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William A. Wulf is a University Professor Emeritus (one of 13 University Professors of 2500 UVA faculty) and AT&T Professor of Engineering (Emeritus) in the Computer Science Department of the University of Virginia. In 1996–2007 he served as president of the National Academy of Engineering (on leave from UVA).
Prior to joining UVA, Dr. Wulf was an assistant director of the National Science Foundation, responsible for computing research, the national supercomputer centers, and the NSFnet (predecessor to the internet as we know it now). Before that he founded and was CEO of Tartan Laboratories, a software company in Pittsburgh that was based on research he did while on the faculty of Carnegie Mellon University. He has conducted research in computer architecture, programming languages, optimizing compilers, and computer security.
Dr. Wulf is a member of the National Academy of Engineering, fellow of the American Academy of Arts and Sciences and American Philosophical Society, eminent member of Eta Kappa Nu, corresponding member of the Royal Academy of Engineering of Spain, past trustee of the Bibliotheca Alexandrina (Library of Alexandria), and foreign member of the Engineering Academy of Japan, Russian Academy of Sciences, and National Academy of Engineering of Venezuela. He is also a fellow of the ACM, IEEE, AAAS, and AWIS. He holds honorary doctorates from Carnegie Mellon University, University of Connecticut, Colorado School of Mines, New York Polytechnic University, and Missouri University of Science and Technology. He is the recipient of the ACM Policy Award, the American Society of Mechanical Engineers Ralph Coats Roe Medal, the ACM Karl Karlstrom Outstanding Educator Award, and the American Association of Engineering Societies Kenneth Andrew Roe Award. He has authored over 100 papers and technical reports and three books, holds two US patents, and has supervised over 25 PhDs in computer science.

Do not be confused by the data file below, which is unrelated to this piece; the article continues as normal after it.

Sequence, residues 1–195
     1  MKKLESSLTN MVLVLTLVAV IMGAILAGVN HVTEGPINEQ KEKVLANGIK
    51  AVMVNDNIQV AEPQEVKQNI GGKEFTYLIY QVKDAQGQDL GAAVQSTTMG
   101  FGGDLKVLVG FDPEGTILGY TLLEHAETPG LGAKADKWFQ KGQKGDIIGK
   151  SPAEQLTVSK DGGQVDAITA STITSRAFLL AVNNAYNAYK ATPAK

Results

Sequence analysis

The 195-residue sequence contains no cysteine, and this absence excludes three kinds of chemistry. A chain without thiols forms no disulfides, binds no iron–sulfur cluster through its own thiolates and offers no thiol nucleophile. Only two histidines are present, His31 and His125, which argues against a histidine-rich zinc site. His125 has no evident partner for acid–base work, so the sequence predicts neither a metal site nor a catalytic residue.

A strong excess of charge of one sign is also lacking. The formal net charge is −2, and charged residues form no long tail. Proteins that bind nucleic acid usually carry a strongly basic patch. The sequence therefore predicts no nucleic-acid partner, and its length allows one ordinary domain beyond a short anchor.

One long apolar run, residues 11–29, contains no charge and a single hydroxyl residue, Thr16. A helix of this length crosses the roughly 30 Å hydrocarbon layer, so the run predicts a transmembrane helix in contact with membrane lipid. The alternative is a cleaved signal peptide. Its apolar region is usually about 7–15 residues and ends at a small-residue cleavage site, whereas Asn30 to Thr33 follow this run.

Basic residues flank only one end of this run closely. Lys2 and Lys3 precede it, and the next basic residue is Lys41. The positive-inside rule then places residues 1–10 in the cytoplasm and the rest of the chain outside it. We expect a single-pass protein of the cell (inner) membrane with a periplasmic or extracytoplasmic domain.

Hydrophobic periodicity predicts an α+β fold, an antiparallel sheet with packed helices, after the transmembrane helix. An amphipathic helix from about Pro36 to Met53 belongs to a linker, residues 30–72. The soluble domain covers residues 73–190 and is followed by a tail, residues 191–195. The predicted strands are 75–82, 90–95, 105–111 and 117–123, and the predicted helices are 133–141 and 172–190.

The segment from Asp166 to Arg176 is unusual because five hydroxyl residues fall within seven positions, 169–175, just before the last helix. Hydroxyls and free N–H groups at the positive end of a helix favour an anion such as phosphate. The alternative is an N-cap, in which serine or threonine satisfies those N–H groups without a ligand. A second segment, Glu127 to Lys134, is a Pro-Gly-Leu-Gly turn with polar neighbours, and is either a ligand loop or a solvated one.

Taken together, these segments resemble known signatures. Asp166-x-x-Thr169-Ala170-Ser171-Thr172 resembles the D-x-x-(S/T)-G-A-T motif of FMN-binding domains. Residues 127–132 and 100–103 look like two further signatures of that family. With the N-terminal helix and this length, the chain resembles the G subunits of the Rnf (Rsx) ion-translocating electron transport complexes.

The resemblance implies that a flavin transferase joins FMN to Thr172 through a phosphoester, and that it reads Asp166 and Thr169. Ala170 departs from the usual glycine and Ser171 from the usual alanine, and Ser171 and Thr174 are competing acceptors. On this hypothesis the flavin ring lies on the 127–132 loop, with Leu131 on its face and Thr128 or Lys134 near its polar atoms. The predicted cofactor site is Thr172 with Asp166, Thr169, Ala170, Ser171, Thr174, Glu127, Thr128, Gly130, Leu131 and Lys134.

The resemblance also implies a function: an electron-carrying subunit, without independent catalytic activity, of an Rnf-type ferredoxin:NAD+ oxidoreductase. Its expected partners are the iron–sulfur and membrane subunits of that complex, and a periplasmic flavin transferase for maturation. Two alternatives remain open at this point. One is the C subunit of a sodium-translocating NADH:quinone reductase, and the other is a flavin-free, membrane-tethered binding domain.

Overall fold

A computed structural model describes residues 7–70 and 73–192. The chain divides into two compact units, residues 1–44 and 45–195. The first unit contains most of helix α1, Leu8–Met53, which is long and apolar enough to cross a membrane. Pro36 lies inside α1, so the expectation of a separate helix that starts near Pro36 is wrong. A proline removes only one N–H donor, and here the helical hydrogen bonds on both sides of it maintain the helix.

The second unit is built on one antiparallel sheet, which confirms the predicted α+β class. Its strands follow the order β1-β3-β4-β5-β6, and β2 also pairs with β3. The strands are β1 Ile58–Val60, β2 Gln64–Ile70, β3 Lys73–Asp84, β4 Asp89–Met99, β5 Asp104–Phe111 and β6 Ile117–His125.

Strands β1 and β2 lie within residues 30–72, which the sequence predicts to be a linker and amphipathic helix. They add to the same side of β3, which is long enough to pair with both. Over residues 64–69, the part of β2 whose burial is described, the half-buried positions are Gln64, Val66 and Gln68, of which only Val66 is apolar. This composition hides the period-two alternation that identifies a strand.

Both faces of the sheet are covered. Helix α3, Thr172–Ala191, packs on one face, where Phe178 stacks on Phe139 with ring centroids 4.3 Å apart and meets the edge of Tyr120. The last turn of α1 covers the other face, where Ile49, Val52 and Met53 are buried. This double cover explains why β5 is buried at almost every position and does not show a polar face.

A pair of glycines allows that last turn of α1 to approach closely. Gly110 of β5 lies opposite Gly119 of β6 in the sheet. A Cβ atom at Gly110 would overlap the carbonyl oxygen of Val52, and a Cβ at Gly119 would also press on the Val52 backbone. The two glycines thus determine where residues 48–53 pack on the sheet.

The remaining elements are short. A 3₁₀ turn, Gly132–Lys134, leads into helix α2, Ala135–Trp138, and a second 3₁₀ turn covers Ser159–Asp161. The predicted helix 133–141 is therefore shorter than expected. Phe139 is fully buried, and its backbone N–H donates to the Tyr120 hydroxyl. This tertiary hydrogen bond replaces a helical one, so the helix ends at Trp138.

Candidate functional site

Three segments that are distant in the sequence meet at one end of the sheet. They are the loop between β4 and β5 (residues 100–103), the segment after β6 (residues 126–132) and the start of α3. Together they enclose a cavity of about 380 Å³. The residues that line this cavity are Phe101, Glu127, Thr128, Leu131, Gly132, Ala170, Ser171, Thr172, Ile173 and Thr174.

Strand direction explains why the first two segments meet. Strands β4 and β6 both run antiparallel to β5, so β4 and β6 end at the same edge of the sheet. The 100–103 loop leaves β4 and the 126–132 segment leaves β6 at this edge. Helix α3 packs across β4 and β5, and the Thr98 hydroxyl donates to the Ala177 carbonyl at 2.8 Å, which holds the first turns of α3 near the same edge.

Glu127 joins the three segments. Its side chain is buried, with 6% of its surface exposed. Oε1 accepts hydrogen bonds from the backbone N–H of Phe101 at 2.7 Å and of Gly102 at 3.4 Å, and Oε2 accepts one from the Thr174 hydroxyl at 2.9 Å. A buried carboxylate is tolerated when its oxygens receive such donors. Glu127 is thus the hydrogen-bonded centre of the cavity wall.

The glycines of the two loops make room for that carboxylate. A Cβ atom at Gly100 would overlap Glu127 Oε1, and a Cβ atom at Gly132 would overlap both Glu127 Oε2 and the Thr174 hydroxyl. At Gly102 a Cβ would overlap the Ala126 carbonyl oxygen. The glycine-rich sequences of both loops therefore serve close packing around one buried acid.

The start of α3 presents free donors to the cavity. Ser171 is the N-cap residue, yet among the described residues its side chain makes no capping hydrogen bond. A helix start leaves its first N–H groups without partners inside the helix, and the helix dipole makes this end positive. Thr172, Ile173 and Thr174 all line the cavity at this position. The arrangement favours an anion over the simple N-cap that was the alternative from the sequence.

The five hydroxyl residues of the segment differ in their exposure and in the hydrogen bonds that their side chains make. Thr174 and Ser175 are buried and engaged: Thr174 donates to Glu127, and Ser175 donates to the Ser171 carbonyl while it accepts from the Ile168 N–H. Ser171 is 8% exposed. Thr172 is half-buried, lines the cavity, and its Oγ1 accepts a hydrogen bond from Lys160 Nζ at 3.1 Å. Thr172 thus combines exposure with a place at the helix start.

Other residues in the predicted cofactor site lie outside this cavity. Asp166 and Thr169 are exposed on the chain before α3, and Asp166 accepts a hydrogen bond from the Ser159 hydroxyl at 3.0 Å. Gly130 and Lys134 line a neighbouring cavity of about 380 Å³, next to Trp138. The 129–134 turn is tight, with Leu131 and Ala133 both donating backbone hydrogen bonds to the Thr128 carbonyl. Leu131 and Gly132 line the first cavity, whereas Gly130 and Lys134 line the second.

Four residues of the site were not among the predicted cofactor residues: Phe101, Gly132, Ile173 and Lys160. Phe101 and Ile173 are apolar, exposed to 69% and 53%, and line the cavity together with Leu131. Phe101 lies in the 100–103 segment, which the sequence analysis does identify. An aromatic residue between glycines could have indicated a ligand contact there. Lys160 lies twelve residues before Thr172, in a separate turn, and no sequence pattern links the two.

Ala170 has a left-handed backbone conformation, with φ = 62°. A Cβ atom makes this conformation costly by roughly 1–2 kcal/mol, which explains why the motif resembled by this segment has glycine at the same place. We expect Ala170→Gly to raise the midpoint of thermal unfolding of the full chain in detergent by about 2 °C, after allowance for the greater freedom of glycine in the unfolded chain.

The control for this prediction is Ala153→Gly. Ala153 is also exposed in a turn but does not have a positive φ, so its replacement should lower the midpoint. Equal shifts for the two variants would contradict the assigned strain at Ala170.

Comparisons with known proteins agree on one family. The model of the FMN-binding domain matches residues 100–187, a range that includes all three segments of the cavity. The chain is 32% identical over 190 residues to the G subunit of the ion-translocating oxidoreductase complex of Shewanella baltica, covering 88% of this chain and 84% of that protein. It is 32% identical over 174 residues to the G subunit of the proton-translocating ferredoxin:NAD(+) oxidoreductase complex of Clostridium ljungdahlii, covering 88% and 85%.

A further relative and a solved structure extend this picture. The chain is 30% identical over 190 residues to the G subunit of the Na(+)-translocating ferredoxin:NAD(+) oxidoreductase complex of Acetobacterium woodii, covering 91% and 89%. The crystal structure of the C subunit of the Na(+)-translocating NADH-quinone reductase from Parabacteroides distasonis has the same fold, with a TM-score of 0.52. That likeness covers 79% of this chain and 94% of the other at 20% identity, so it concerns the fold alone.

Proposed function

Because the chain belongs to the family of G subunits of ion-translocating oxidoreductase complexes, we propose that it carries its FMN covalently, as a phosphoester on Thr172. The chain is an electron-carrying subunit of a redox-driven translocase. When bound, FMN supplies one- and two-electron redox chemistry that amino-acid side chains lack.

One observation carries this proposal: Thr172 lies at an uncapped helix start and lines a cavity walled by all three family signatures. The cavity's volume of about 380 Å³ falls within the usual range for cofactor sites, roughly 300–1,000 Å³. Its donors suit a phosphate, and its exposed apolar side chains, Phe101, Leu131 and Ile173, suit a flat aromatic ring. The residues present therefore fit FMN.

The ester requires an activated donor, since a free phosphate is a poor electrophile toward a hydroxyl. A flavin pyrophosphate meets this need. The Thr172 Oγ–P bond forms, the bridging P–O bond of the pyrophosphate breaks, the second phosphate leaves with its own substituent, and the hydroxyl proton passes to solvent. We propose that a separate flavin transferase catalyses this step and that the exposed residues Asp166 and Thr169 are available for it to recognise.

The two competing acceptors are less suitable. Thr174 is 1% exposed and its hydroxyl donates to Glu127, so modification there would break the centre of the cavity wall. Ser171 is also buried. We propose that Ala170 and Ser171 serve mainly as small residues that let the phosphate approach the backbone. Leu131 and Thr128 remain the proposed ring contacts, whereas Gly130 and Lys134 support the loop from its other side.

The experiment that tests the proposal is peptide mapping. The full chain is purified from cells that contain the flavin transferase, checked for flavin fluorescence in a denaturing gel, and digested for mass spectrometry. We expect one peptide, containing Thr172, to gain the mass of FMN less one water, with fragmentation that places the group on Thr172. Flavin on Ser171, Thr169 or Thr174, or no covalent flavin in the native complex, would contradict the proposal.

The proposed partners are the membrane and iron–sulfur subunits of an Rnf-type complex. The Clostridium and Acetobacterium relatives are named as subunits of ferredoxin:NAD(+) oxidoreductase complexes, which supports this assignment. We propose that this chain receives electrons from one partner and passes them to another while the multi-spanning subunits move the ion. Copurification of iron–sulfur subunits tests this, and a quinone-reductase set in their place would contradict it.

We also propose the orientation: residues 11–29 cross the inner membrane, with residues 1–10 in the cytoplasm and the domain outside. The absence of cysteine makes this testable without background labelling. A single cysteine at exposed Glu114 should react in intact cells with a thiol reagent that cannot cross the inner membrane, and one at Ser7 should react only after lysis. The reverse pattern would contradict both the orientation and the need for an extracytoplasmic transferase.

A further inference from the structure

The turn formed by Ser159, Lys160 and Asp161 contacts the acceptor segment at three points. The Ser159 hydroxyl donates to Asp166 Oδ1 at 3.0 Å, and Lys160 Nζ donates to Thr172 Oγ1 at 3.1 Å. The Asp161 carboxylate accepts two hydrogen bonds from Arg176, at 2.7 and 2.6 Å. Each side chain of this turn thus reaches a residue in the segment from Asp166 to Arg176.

His extensive engagement in activities of the National Academies of Sciences, Engineering, and Medicine includes chairmanship of the Computer Science and Telecommunications Board (1992–96) and the newly formed Division Committee on Engineering and Physical Sciences (2001–07), and membership on the Issues in Science and Technology Editorial Board and the Advisory Committee for the Engineering Ethics Center (2007–13), which he was instrumental in establishing at the NAE.
Dr. Wulf holds a BS in engineering physics and MS in electrical engineering from the University of Illinois, and a PhD in computer science from the University of Virginia.